Literally understood, the NC enshrines very questionable theology which I hazard to suggest is not really believed by a majority in the pews of my denomination. As instances, I cite the virgin birth, a substitutionary atonement theory, the second coming and even, perhaps, a literal bodily resurrection. Some of my theologically trained friends would counter: “I get by with these expressions by demythologising them without literally believing them”. I find that approach dishonest and an unnecessary stumbling block to a credible, contemporary representation of the gospels, to say nothing of the confusion it may set up for less theologically trained pew sitters.

 Of course, it is also an awareness of the political and social history of the Nicene Creed that discredits these words for many of us. They were given birth in the context of the Constantinian compromise which ushered in the era of Christendom.  Though now arguably redundant, that pact with the Roman Emperor led to a religion sometimes corrupt and an institution which served the objectives of imperialism and often became pre-occupied with its own maintenance rather than its mission, unrecognizable as an instrument of the Jesus story.

Which leads to the question as to whether “creeds” have been primarily instruments of control, inquisition and domination, instruments to sort out the sheep and the goats. Granted, in local church communities this may not seem to be the case in our day. But it still begs the question: what credible purpose do such creeds serve? Whatever the answer, they seem to send a subtle message about “faith”: it is more important what we believe than what we do. That, of course, is an unbiblical position which calls to mind the reported (and paraphrased) admonition of Jesus: “Why do you call me Lord, Lord, but do not act on the things I say?”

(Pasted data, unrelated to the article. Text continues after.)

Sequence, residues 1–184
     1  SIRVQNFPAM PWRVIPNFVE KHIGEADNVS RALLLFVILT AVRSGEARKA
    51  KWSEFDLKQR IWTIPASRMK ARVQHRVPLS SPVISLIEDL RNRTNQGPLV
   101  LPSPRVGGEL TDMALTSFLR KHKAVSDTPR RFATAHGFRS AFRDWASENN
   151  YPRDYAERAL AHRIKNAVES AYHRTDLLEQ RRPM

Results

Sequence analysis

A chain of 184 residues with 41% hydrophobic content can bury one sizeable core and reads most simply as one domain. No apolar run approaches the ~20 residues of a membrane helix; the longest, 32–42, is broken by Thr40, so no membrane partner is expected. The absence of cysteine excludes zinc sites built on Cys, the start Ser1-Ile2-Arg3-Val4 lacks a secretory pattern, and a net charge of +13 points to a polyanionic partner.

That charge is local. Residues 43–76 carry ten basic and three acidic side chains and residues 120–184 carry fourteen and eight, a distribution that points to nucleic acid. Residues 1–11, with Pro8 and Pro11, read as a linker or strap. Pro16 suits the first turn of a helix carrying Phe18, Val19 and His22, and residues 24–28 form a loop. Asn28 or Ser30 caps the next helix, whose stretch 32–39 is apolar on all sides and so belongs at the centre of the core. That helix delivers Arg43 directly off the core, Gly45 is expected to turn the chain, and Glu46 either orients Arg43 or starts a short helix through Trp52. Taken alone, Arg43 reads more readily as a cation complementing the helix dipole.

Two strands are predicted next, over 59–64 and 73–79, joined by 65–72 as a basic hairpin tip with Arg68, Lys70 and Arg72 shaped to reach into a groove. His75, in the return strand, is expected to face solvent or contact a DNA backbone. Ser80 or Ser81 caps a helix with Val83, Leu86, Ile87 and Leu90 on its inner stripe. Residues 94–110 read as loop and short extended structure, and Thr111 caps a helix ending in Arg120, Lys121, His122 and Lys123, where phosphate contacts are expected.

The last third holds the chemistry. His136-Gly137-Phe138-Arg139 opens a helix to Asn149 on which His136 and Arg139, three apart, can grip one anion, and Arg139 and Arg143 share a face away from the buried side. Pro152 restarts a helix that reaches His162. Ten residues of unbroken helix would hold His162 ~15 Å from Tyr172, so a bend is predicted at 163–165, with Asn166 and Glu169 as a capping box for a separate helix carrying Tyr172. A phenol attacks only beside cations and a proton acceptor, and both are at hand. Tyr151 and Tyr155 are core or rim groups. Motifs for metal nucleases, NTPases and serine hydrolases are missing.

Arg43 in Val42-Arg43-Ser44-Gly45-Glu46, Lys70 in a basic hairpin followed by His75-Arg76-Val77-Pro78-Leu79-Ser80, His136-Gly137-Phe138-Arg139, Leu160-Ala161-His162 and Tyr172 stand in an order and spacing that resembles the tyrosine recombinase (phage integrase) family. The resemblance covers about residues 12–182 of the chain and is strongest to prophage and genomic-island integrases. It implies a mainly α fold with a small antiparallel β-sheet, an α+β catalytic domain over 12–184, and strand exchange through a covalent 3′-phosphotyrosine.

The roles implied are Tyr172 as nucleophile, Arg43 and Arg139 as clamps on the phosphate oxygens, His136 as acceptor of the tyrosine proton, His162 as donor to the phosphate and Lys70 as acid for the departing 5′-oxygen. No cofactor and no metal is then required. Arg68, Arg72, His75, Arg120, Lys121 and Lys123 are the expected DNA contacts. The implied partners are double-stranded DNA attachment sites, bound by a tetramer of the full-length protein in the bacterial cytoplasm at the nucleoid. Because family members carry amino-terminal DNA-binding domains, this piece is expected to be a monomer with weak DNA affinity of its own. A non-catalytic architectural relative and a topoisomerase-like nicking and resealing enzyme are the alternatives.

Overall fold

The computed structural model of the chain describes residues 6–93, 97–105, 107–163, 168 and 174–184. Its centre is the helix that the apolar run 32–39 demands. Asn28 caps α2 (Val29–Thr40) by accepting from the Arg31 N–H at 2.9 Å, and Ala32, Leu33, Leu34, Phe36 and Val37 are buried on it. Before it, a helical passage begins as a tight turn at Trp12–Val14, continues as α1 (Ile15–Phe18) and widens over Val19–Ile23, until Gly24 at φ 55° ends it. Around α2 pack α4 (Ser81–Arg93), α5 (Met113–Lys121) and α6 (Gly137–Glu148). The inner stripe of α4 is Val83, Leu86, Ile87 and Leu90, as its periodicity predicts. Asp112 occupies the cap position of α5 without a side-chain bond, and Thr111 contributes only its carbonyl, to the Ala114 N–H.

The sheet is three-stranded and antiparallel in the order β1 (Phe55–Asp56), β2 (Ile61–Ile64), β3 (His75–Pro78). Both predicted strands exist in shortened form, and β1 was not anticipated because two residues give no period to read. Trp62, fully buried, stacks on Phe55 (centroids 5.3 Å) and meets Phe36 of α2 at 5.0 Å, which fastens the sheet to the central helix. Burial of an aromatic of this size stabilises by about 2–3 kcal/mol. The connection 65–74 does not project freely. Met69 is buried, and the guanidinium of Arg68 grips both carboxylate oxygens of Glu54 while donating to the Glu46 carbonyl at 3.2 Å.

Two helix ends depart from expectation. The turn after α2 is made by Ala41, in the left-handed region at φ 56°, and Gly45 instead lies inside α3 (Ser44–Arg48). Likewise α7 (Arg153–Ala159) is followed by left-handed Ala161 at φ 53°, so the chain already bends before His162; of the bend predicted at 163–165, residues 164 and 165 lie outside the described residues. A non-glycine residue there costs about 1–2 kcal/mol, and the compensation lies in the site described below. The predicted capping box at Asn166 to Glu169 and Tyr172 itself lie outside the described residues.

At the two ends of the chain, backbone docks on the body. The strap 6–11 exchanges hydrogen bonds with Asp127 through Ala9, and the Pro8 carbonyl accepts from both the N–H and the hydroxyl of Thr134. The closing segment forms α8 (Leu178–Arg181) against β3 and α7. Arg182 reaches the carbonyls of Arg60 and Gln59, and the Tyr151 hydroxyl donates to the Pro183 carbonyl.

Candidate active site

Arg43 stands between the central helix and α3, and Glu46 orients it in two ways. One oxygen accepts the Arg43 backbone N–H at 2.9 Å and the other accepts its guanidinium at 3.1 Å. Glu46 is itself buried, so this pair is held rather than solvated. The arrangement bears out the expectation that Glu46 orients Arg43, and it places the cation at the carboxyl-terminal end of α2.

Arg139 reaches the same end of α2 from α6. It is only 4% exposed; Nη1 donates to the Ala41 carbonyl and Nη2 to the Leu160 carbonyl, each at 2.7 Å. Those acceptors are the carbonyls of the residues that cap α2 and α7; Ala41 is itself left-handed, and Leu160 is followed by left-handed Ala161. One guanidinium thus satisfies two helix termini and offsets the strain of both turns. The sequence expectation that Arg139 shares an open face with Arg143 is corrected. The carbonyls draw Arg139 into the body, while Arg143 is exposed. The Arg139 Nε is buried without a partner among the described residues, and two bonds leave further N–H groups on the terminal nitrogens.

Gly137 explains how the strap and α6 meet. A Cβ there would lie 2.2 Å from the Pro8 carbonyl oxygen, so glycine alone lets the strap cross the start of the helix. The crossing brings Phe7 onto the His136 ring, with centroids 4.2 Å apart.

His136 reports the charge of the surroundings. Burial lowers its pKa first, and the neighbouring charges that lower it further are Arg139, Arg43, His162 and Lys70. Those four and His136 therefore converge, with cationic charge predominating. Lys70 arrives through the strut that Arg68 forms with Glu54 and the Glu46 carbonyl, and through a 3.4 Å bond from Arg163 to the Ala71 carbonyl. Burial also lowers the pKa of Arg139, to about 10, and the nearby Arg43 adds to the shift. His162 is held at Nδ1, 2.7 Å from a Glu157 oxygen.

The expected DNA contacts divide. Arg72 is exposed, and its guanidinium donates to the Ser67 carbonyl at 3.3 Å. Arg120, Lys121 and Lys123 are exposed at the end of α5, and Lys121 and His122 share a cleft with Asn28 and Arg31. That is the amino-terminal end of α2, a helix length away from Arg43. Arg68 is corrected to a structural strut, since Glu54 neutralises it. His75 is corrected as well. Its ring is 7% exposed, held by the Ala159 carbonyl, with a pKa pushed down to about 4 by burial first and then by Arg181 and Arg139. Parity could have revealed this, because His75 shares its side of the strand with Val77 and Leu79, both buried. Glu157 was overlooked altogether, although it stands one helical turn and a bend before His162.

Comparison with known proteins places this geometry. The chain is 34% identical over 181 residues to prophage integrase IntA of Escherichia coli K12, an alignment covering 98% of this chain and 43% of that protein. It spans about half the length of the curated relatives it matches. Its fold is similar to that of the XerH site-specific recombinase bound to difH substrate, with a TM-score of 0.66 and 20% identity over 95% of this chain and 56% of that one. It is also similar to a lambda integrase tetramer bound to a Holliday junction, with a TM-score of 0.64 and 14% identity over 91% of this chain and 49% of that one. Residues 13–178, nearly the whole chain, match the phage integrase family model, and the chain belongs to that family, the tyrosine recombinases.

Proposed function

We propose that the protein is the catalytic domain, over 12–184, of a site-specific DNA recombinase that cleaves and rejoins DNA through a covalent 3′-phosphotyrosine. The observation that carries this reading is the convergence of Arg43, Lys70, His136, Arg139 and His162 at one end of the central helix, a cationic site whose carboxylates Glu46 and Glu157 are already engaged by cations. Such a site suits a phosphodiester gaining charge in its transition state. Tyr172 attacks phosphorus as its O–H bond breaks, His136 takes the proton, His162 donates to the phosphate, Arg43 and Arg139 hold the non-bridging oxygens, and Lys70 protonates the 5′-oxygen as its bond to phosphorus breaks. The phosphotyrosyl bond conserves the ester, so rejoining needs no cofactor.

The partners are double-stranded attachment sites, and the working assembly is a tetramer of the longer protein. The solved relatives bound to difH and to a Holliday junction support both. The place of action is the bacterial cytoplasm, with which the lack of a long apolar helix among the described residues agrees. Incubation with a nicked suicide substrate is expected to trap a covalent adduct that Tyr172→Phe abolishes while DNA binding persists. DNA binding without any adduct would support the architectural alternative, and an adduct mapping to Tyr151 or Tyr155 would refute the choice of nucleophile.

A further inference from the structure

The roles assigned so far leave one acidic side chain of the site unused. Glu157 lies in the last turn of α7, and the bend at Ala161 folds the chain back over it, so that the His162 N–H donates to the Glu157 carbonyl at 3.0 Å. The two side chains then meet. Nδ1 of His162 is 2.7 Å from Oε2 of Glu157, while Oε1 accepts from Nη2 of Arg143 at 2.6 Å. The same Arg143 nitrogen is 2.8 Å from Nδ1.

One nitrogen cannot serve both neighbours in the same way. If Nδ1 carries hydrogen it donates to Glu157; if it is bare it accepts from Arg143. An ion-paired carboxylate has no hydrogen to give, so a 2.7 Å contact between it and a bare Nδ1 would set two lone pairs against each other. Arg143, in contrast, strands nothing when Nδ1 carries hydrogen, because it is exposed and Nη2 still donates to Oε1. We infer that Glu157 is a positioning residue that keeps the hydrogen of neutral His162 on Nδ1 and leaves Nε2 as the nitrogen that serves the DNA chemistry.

In what is often now called, the 'emerging church' the emphasis is on ' how we live rather than what we believe'. Of course we continue to have beliefs, but they may be fewer and emphasised less in a contemporary spirituality. Moreover, it seems that it is a time when we should 'live the questions' rather than always expect answers in church statements.

 A challenge to the Uniting Church in Australia (my denomination):

 I acknowledge that my non-theistic understanding is not necessarily mainstream UCA theology, but that is not a sufficient argument to support the UCA's embrace of the Nicene Creed. At the very least, it is timely for those giving leadership to the UCA's development of liturgy, discipleship and theology to embark on the task of composing a statement of faith that would be more helpful to twenty-first century worshippers. Inasmuch as the Nicene Creed was an attempt to teach an understanding of a Trinitarian God and a Divine/Human Jesus Christ it is time for more honesty about what is teachable these days on these matters. The answers (or further questions) will surely be very different from those decreed at Nicea centuries ago.